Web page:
OK, so now that my monster manuscript has been trimmed down to a more marketable 403 pages, every chapter edited to the best of my grammatical ability, and the synopsis polished ‘til it shines, it’s time to send my baby out into the world. First step, the great agent hunt.
Typically when I’m querying agents, I keep track of who I’ve submitted to, their contact info, when I submitted and with what (e-query, snail mail query, partial, full), what their response was, etc. in an Excel spreadsheet. Well, while updating my list of potential agents I stumbled across a site anyone on the agent hunt might be interested in. It’s called LitMatch.net.
Disclaimer: this is not an endorsement, I just thought it was a cool site for writers
LitMatch is a free, on-line database of literary agents. You can select the criteria you want to sort by--if they’re an AAR member or not, if they’re currently accepting queries, if they’re based in New York or somewhere else, what genres they represent, if they have a blog--you name it. Or you can just browse through the listings of all 800 agencies and 1722 agents. See an agent you like? Click on their name and it gives you the genres they represent, submission guidelines, professional history, email and mailing address. In addition to that, you also get the number of the offers, requests, and rejections made by that agent (this part can only be so accurate because I’m sure not every member of LitMatch enters their submission info or keeps it up-to-date, but it gives you a basic idea). Some agents have rejected everything that came their way from LitMatch members while others have made requests. Haven’t run across any that made actual offers, but I’m sure there are a few. It also lists their response times and how they responded. You can also click on a tab that lists some of their clients while another tab contains comments from LitMatch users on their interactions with the agent.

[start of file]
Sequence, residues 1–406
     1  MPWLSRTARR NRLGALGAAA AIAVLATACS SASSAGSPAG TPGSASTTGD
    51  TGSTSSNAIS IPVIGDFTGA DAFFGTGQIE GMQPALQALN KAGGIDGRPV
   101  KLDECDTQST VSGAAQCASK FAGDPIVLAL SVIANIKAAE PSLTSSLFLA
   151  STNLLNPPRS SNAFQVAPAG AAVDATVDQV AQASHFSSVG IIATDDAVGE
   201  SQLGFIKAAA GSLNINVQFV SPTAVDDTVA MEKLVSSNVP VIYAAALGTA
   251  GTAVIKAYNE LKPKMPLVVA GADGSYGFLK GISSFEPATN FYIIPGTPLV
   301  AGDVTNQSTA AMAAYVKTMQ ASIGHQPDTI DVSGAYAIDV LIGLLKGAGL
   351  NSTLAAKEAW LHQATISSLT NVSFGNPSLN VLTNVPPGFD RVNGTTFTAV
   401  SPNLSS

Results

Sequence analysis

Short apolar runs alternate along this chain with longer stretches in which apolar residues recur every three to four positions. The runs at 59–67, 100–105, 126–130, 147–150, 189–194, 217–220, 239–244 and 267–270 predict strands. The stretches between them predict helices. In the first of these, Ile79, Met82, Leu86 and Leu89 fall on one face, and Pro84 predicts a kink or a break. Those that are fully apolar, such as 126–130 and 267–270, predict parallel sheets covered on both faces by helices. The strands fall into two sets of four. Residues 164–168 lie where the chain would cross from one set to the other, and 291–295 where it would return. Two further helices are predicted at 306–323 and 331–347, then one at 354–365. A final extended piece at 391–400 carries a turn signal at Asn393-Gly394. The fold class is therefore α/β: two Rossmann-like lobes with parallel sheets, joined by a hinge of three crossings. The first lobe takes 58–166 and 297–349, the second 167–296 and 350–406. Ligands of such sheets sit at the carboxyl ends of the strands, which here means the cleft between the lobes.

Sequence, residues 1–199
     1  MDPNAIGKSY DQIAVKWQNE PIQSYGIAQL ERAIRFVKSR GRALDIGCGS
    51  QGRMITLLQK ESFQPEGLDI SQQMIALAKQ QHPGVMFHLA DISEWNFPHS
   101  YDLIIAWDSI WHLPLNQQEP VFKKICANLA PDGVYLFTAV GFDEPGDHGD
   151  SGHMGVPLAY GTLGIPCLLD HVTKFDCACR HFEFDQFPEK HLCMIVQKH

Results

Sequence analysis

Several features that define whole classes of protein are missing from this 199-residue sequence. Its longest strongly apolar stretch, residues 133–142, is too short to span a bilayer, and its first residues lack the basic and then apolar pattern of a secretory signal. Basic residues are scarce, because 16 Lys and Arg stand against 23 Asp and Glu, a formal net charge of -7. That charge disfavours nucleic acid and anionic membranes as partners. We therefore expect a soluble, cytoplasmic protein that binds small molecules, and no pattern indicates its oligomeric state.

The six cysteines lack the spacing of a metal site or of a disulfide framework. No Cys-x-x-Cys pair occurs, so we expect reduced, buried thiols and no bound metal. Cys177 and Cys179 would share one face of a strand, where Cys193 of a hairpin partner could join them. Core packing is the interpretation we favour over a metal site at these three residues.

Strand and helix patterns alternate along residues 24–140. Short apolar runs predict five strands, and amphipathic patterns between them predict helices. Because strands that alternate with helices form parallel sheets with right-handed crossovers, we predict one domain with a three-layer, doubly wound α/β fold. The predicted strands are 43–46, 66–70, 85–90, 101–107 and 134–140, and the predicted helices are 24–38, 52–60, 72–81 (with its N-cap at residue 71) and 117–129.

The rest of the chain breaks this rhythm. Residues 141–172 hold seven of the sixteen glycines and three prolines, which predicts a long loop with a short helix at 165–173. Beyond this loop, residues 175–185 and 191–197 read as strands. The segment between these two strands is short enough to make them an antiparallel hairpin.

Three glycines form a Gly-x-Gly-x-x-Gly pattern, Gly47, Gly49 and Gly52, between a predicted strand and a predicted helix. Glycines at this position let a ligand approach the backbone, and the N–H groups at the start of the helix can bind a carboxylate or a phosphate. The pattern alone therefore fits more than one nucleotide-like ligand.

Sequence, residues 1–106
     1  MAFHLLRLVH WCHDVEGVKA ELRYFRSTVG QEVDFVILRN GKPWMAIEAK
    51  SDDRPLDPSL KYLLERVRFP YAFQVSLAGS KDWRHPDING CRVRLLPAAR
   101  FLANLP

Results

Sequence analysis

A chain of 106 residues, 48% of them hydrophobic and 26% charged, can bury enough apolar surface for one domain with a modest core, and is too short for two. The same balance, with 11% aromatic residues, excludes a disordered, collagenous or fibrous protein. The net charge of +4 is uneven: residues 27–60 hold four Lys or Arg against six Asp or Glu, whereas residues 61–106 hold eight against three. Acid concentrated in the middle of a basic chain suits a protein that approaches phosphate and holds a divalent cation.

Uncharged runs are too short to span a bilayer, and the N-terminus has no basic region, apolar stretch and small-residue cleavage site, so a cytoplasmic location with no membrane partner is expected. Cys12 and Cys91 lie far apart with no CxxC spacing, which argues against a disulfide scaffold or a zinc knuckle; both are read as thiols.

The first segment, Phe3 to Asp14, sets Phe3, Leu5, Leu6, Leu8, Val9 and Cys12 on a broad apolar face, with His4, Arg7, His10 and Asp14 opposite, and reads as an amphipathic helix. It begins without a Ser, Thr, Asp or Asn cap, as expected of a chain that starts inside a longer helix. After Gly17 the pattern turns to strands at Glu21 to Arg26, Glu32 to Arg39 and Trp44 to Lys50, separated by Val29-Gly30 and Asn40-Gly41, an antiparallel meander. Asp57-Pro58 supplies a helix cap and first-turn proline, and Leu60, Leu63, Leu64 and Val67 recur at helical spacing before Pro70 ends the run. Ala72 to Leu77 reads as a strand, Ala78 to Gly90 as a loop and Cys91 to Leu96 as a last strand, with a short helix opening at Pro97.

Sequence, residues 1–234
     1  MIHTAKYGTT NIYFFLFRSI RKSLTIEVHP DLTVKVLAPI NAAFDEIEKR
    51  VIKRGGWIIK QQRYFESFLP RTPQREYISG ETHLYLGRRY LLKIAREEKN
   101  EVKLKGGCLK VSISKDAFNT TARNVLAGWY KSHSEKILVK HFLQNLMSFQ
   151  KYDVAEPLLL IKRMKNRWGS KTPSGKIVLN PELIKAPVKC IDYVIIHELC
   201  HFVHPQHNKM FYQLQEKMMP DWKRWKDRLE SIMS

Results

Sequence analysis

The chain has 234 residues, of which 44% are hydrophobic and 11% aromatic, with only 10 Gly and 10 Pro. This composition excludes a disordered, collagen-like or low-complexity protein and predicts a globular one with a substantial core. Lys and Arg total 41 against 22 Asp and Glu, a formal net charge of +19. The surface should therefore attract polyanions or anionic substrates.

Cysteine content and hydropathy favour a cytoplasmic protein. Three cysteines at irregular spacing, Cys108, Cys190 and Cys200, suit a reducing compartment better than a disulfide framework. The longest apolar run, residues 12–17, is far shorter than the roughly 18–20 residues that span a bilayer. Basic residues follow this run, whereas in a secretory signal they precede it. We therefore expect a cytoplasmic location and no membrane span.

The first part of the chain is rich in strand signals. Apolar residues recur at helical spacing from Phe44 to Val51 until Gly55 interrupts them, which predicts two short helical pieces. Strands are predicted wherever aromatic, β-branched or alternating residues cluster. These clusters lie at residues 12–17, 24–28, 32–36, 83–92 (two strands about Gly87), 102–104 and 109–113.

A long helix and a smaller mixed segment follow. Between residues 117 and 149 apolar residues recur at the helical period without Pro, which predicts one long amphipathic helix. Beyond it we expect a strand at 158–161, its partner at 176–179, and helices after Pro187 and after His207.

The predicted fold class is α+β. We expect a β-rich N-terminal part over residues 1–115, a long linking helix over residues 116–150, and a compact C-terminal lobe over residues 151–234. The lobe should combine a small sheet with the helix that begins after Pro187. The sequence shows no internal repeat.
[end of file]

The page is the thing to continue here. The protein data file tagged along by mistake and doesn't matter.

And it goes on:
Another neat thing about the site is if you register (it’s free) you can log in your manuscript (title only) and keep track of who you’ve submitted to, when, how, and what their response is/was (this is where the above mentioned data of requests/rejections and response times comes from).
I think this site is pretty cool but it isn’t the end-all, be-all of agent hunting. As any good author knows, you need to do your research. While each agent/agency page has a notation of the last time it was updated (and noted if the agent herself reviewed and updated the info), it’s not 100% reliable. I noticed one agent listed who I know is no longer in the business and another I have doubts about (she’s no longer listed on the agency’s website). Always double check the agent’s contact info and their submission guidelines on their agency website if they have one (and if they do, there will be a handy-dandy link from LitMatch to it).
So that’s it in a nutshell. Now that I’m armed with a list of some 40 prospective agents, I’m off on the great agent hunt once again.